Top 10 Awesome and/or Supportive Fathers/Father Figures in Books

Honestly it was a lot easier to find fathers kicking around (and not having kicked the bucket) than mothers, when I actually sat down and compiled this list. What is with moms dying so often in literature and movies? Anyways, below is my list of awesome dads. : )

Asakura and Kentarou from Ikumen After

This is a manga about two single fathers who have lost their wives and are raising their young sons. Their children attend the same daycare / kindergarten, which is where the two men meet each other. The story is super sweet and it’s really obvious at the end of the day that these men love and adore their sons, and would do anything for them. They will always put their sons and what’s best for their sons first, but they still find love and happiness in each other.

Hans Hubermann from The Book Thief

While I was not a huge fan of the book, I have to admit that Hans is a rather kick ass father. He’s so morally upright, strong, compassionate and plays the accordion like it’s nobody’s business.   

Ryo from Fake

Ryo is a half Japanese, half American from the manga series Fake. After a certain case he adopts problem child Bicky. Despite Bicky’s troubled past and problems, he does his best to be a good mentor  and guide and provide for Bicky as a father should. In one scene early on in the series, Ryo feels like the first one to offer Bicky comfort in a really long time.

William from Danny, Champion of the World

This may not be my favourite Dahl book, but the father and Danny have such a close relationship. They are basically the light in each other’s life. They live together, talk together, joke together and take trips together. Danny himself states that he is a very happy little boy with just him and his dad.  

Carson Drew from The Nancy Drew Series

Last year I made a point of reading the first Nancy Drew book in addition to a Hardy Boys book. Although I don’t know much about Carson, I do love the fact that he is incredibly supportive of his daughter’s sleuthing when this series first starts, in the 1930s! He’s a very progressive parent, who encourages Nancy’s independence and self-reliance. Go Carson!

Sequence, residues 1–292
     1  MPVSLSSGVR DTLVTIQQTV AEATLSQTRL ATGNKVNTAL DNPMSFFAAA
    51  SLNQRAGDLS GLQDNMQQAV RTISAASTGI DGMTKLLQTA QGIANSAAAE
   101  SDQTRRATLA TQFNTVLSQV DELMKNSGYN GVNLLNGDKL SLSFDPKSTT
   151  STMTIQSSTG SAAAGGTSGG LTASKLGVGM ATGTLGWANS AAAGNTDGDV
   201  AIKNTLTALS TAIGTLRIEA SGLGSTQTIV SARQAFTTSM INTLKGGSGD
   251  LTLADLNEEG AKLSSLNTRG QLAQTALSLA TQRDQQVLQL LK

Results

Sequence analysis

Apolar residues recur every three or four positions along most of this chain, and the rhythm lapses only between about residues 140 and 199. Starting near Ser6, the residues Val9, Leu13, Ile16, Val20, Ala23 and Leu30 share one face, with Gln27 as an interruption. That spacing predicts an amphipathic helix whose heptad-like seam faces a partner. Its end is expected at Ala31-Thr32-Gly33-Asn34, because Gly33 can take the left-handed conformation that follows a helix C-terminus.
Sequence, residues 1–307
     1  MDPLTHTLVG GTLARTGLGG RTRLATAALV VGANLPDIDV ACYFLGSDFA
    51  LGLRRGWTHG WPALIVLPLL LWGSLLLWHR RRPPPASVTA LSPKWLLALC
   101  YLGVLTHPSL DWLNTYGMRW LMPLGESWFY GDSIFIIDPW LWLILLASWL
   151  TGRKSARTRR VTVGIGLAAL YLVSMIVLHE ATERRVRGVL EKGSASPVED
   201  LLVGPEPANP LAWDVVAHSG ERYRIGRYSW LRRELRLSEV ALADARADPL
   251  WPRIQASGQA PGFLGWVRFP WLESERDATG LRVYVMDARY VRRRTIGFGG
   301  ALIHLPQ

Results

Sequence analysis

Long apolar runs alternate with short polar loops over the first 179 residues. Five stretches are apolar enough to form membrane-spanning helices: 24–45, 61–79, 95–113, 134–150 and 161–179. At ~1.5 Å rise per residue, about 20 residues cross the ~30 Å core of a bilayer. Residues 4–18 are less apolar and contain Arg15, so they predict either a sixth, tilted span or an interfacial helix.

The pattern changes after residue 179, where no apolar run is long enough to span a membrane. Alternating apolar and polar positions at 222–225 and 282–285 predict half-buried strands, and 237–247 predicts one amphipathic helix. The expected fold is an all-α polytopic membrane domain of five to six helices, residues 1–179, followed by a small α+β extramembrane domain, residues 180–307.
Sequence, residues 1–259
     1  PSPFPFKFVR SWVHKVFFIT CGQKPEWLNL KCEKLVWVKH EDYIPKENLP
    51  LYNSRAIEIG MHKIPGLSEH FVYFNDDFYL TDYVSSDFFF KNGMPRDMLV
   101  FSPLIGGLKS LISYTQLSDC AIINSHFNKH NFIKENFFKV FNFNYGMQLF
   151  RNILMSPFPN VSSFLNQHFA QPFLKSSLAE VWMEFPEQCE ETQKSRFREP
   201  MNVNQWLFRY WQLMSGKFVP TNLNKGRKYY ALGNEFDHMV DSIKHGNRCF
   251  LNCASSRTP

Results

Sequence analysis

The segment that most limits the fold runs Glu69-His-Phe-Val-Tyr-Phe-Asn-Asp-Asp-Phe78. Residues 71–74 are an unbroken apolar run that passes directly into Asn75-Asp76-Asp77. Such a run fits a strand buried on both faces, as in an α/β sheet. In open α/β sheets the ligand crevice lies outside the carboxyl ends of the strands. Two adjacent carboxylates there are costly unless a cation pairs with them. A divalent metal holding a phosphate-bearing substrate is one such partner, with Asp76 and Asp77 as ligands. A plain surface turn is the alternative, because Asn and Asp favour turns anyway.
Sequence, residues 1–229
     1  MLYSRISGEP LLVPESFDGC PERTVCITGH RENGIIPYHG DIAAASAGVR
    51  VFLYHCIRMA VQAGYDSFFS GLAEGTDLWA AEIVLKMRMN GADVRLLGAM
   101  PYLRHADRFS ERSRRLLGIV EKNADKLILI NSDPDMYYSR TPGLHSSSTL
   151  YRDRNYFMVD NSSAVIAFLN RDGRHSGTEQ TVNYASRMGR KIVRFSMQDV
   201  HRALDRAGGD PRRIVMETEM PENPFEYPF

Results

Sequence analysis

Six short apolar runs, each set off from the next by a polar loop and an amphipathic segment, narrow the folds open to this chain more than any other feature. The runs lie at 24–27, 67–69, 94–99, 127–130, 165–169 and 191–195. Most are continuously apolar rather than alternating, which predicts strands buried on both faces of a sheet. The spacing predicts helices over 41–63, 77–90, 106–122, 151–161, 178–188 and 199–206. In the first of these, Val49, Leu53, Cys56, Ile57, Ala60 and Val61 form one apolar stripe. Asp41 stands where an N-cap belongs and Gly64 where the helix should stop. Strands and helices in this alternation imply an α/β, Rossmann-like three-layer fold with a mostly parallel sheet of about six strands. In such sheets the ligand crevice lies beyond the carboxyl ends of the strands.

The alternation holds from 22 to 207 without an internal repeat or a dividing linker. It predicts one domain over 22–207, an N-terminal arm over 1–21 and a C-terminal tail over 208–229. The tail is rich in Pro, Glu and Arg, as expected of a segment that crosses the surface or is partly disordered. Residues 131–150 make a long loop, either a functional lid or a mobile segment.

Atticus Finch from To Kill a Mockingbird

Atticus Finch is a character who does his best as a father, and wants the best for his children. He always tries his hardest not to be a hypocrite and to take the moral high ground, as he believes this is what is necessary to be able to face himself and, subsequently to feel like he has any degree of authority over his children. He respects who they are as people and the choices they make, while comforting them and guiding them where they need it.

Mr. Bennett from Pride and Prejudice

I don’t even LIKE P&P, but I adore Mr. Bennett. He’s so down-to-earth and bookish and I can totally understand why the witty Lizzy is his favourite. Unlike his meddlesome wife, he genuinely wants happiness for his daughters and doesn’t care too much for mundane pleasantries. I feel like he’s a man of simple pleasures and he just wants the best for his girls!

Matthew Cuthbert from Anne of Green Gables

He and Marilla are just such a perfect fit for the imagination filled Anne. Matthew is so kind and gentle and filled with love for “his little girl.” He also wants to spoil her, much to Marilla’s usual discontent, but the two offer a perfect balance for each other. He tends to stay out of Marilla’s business except if things seem like they are going to be hopeless (such as when Matthew urged Anne to apologize to Rachel Lynde), but he is just the sweetest, cutest and most adorable man (and father figure) when it comes to his Anne.